Population Shifts Hit Congregation With Fatal Blow : Religion: Latino Catholics have rapidly replaced Midwestern Methodists in Cudahy, prompting the closure of the last Anglo church.


In the early 1980s, when nearly all the new businesses opening up in this city had Latino names and Spanish became the language of the streets, the congregation of the Community Church and Christian Center foresaw its fate.

Where once plenty of Midwestern Methodists had settled, new immigrants, most of them Mexican, came in droves.

From 1970 to 1980, the Latino population mushroomed from 26.7% of the total to almost 90%, and the Evangelical Methodist leaders of the church found themselves surrounded by Catholics whose language they could not speak.

"We saw it coming," said longtime Community Church member Dick Hines. "We just didn't want to admit it."

Last month, the leadership of the Community Church and Christian Center, unable to build its congregation, sold the church to the Roman Catholic Archdiocese of Los Angeles.

Jim Klein, the last pastor of the Community Church and Christian Center, said there were only 15 people in the congregation when the church closed last month. The Community Church and Christian Center was the last of the Anglo churches in Cudahy.

Meanwhile, the need for a Catholic church in Cudahy today is tremendous, said Bishop Carl Fisher, an auxiliary bishop of the Archdiocese of Los Angeles, whose jurisdiction includes Cudahy.

With no Catholic churches in Cudahy or Bell, many Catholics in both cities go to Huntington Park or Bell Gardens.

"The growth of the Catholic Church in the area is just phenomenal," Fisher said. "The existing churches are just unable to cope with the demand."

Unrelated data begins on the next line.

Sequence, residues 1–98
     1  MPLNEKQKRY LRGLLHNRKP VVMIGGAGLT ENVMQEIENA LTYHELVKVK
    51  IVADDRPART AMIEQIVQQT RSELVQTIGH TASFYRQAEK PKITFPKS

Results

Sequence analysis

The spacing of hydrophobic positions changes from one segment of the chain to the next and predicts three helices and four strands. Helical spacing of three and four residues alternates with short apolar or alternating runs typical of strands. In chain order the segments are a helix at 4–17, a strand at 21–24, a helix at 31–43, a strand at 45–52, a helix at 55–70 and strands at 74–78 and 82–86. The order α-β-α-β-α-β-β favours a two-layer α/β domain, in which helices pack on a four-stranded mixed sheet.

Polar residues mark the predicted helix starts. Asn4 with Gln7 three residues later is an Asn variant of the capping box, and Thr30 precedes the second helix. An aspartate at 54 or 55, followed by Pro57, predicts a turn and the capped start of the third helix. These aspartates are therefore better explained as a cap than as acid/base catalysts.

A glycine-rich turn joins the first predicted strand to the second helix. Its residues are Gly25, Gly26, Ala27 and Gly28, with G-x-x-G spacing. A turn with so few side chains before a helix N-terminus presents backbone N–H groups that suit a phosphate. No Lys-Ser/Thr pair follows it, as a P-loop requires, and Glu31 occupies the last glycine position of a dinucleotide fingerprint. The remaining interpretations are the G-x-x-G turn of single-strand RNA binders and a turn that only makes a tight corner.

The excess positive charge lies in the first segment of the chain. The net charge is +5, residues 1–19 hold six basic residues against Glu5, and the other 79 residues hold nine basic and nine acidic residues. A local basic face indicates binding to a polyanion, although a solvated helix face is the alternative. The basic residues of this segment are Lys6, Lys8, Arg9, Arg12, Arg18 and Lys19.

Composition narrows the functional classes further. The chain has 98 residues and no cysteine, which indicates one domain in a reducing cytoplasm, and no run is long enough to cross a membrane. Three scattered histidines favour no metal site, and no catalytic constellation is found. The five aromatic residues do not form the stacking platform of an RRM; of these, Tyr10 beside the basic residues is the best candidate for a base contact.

Fisher said a new Catholic church is expected to open in the old Methodist building before the end of the year. Father Rody Gorman, pastor of St. Matthias Catholic Church in Huntington Park, said priests in the area have been pleading with the archdiocese to open a Catholic church in Cudahy for the last 10 years.

St. Matthias can accommodate about 400 people at each service, but Gorman said that there are 5,000 members and at least 5,000 non-members who attend Mass there. In order to serve all the parishioners, an astonishing 14 services must be celebrated each weekend, he said.

"We just cannot handle it," Gorman said.

Cudahy Community Church's experience reflected that of other churches in the area, especially where the leadership of the church was not bilingual, Gorman said. But even where leadership is bilingual, making the transition from an Anglo to a Latino congregation is difficult, he said.

"It's tough," he said. "Traditionally you need an Anglo congregation that will continue to support (financially) the church until such time that the Hispanics can take over."

There was a time--when it was called the United Evangelical Methodist Church--that the church was a center of community activity in Cudahy.

Nearly 300 people packed the pews, drawn by the fiery sermons of Pastor Dale Barrett and a chance to socialize with people from around the Cudahy area.

"It was a beacon in the community," Hines said.

From 1970 to 1977, when Barrett headed the church, a school and a home for troubled youths were built.

"In the height of the ministry, we probably ministered to 400 or 500 people," said Barrett, who is now pastor of a church near Dallas. "I worked hundred-hour weeks. I helped people buy their cars, their houses . . . During our midweek services we probably had 200 people coming in. Most (of the members) were poor and they really had no other social alternative. They built their life around the church."

Early attempts to bring more Latinos into the main congregation failed, and Hines admits that perhaps church leaders did not try hard enough.

By the late 1980s it was too late. Most of the Latinos moving into the area spoke no English. None of the church leaders spoke Spanish. As Latinos moved into Cudahy, longtime church members moved out and into communities like Lakewood, Lake Elsinore and Upland. Those that stayed were elderly and infirm.

The combination of demographic changes and the relocation of longtime members sounded the death knell for the church, Barrett said.

"We wanted to take people who were distressed, emotionally, physically, mentally, and help them get cleaned up," Barrett said. "But when they got well, what would they do? Move out of the community."

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